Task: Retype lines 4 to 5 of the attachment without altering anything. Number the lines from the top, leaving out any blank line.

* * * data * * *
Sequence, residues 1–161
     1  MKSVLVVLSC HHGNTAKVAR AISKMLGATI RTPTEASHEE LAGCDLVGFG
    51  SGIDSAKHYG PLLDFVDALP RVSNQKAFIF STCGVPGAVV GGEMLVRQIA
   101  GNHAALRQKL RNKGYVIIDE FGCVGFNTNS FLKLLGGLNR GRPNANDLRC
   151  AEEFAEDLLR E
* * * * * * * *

   101  GNHAALRQKL RNKGYVIIDE FGCVGFNTNS FLKLLGGLNR GRPNANDLRC
   151  AEEFAEDLLR E